Sea Lanes and Strategy

In the summer of 1997, an American businessman by the name of Pat Broe astonished almost everyone by making an investment that seemed pointless at the very least, and one that would probably distract him from other, much more fruitful, opportunities.

His purchase, for the nominal price of just seven dollars, was the port facilities at Churchill, a tiny, windswept outpost on the southwest coast of Hudson Bay, below the Arctic Circle, that almost no one wanted to buy and almost everyone was anxious to avoid. It was home to only around 1,000 people who depended upon hunting, fishing and an influx of tourists who arrive every winter to watch and photograph polar bears. True, it had had its moment of glory during the Second World War, when the Canadian government had made good use of its facilities to ship to Russia thousands of tons of grain that were desperately needed to sustain the war effort. But once the conflict was over, the port had gradually fallen into disuse, having been made virtually redundant by the far more efficient, privately run operations in Thunder Bay and Vancouver. In the post-war years it had become largely forgotten, particularly since it had no roads linking it to the rest of Canada, and was highly dependent on the daily flights made by a number of small passenger aircraft to and from a tiny airstrip a few miles out of town.

For Broe, however, Churchill's saving grace was its railway, which had always been its main link to the outside world. In the mid-1990s, Broe was looking to expand his Denver-based railroad company, OmniTrax, and had already paid vast sums to acquire denationalized lines elsewhere in Canada. He now purchased the port at Churchill from the Canadian government just in case someone else might buy and then use it as a 'toll booth' that might eventually burden his own railroad.1

However, over the next decade or so, it gradually became apparent that Churchill had much more to offer than just old railway track. On the contrary, Broe's decision to invest in the place looked more like a stroke of supreme foresight and entrepreneurial brilliance. This was because, by late summer of 2007, sea ice in Hudson Bay had started to melt more quickly than ever before. Larger areas were navigable for longer summer periods and some experts even began to estimate that the port might eventually be open for 10 months every year instead of the usual 4-month period between July and November. Soon there was wild speculation that it could eventually become a vital part of a trans-Atlantic trade route for international shipping, linking Canada and the United States with Russia and drastically reducing the length of the existing journey. Because of its key coastal location, Churchill would become a commercial hub that lies along the way.

Broe is working hard to bring Churchill up to commercial scratch. Over the past few years OmniTrax has spent around $50 million modernizing the port to accommodate big ships carrying key exports like grain and farm machinery across the Atlantic to northern Russia, and to offload imported Russian products, such as fertilizer and steel, while in October 2007 Prime Minister Stephen Harper also announced the award of a $68 million grant to upgrade the ageing port and railway. Such large investments might eventually reap handsome dividends and one American newspaper even estimated that Mr Broe's nominal initial investment could one day net him about $100 million a year.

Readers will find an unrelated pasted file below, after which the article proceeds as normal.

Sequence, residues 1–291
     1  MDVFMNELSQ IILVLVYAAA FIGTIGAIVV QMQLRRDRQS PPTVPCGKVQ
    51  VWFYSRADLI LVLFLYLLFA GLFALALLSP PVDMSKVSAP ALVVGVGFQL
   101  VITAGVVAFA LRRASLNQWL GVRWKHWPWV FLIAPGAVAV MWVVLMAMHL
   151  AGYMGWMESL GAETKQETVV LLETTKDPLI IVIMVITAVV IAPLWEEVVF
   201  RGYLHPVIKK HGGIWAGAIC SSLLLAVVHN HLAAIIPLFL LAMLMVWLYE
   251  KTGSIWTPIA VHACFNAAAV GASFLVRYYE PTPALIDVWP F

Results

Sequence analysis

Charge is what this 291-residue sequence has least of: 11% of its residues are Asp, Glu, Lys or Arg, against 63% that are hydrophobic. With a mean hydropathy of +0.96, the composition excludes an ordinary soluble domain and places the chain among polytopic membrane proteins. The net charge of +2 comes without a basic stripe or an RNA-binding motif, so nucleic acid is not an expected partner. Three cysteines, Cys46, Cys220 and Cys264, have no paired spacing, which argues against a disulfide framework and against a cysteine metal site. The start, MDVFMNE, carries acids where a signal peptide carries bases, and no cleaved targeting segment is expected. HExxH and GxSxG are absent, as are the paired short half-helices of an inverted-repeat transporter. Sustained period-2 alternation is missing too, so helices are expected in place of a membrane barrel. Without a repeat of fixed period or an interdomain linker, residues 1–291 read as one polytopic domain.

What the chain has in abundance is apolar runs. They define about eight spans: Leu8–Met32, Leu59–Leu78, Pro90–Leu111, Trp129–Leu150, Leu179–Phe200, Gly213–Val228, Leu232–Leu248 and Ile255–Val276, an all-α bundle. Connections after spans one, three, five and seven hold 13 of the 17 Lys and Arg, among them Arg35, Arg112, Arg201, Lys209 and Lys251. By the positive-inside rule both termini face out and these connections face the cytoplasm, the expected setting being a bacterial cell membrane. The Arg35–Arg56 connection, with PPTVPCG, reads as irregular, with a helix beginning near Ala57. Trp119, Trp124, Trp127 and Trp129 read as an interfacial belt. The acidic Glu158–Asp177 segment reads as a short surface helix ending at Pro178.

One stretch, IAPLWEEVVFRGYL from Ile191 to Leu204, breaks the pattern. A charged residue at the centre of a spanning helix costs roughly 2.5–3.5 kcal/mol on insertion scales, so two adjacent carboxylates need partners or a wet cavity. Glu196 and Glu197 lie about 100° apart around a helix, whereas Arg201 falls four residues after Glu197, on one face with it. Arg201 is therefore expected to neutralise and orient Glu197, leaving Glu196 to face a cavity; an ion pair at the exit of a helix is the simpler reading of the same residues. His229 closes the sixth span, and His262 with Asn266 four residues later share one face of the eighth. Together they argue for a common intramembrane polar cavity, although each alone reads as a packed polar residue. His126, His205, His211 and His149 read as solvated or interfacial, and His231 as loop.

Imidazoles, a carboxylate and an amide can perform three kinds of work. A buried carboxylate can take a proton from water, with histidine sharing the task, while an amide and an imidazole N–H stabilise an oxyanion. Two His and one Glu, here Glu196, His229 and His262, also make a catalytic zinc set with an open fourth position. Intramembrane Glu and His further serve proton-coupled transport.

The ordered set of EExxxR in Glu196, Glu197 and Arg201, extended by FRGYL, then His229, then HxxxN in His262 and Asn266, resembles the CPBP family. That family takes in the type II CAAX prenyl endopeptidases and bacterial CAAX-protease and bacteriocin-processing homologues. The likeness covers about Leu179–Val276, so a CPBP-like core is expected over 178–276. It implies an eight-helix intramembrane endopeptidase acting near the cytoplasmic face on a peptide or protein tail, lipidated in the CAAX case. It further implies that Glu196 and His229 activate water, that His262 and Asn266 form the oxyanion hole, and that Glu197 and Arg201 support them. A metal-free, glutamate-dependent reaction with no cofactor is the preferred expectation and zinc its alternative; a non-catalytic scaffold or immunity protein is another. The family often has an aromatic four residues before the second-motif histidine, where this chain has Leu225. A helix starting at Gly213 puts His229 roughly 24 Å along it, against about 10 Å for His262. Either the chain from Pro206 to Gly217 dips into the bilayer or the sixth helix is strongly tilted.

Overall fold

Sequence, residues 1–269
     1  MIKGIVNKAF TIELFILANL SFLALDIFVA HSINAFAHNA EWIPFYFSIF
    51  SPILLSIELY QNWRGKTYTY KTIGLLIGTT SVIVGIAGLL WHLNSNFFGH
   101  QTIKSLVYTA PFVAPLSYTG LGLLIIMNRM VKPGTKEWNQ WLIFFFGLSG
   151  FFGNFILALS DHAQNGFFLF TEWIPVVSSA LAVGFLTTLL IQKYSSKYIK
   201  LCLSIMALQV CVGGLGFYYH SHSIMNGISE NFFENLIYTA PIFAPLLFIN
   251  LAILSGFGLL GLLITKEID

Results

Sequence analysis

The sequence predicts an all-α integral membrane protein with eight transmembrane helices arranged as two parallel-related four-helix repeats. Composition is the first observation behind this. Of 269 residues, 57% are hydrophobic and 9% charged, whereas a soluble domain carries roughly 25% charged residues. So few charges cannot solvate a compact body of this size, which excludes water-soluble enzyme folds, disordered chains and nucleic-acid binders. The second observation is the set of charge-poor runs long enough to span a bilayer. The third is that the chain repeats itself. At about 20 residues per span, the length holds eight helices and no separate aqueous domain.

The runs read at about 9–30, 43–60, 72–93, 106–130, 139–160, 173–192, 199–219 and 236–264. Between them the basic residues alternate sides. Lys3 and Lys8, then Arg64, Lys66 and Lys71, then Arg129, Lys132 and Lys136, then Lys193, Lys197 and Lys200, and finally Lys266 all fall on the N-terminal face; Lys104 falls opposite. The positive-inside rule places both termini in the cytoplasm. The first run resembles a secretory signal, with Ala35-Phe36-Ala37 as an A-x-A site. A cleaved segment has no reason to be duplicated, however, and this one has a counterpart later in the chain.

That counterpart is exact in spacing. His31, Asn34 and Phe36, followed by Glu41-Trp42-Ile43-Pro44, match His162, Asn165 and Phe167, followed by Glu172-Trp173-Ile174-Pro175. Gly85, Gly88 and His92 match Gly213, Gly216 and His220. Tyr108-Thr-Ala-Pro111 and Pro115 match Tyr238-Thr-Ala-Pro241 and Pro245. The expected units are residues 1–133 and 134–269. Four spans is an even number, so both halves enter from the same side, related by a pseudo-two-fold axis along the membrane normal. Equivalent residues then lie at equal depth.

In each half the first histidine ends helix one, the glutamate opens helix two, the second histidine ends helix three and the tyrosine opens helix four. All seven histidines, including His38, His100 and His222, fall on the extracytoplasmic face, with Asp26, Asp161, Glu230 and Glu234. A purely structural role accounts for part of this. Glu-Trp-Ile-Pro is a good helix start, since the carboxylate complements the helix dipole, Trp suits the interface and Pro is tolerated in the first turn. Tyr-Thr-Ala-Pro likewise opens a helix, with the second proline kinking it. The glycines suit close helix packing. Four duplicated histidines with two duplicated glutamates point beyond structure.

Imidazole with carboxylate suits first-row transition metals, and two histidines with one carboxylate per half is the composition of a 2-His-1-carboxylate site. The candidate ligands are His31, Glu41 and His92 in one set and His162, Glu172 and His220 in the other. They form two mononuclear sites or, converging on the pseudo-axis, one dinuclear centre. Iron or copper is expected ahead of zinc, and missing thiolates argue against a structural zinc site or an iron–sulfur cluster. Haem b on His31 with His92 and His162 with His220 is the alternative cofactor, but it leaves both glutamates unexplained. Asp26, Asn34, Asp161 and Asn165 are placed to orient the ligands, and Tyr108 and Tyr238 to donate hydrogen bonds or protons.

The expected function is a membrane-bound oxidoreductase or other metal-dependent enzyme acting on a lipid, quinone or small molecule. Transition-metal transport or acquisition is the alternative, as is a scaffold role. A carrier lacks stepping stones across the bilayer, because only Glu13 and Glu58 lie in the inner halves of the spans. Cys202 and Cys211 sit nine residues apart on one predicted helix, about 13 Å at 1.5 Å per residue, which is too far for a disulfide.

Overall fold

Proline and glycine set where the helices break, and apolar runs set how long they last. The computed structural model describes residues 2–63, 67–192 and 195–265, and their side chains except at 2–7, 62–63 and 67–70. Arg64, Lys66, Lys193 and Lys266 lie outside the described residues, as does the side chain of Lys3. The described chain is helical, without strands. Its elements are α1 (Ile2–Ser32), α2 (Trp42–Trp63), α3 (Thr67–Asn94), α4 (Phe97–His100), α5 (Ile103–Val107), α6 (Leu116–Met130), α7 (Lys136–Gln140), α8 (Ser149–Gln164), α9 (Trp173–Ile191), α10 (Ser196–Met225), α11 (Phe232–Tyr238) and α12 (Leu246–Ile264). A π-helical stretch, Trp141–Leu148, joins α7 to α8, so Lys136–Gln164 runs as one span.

In late August 2006, as Pat Broe and his associates were busily rebuilding Churchill's facilities, some native Inupiat residents living near the city of Barrow, a long way to the north-west on the Alaskan coast and the highest point of the North American mainland, were looking along the shores with astonishment. They were stunned to see a large cruise ship, the Bremen, looming in the distance and then pulling into harbour, bringing several hundred German tourists to visit. They had left Europe and headed first of all to Greenland before making their way right through the Northwest Passage, where ice was increasingly on the retreat and in which more ships than ever before had by this time started to move. The lifestyle of some of these indigenous peoples is already starting to change in a number of very noticeable ways - some are even known to have been buying and using air conditioning units in their Arctic homes - but to see a passenger ship pulling into their harbour, even in the relatively ice-free weeks of late summer, was quite unheard of.

Like the Inupiats, almost everyone is amazed by the sheer speed with which the Arctic's ice in the Northwest Passage, and in the wider Arctic region, is melting. But in the case of sea lanes, no less than of oil and gas, speculation and fantasy need to be carefully distinguished from fact.

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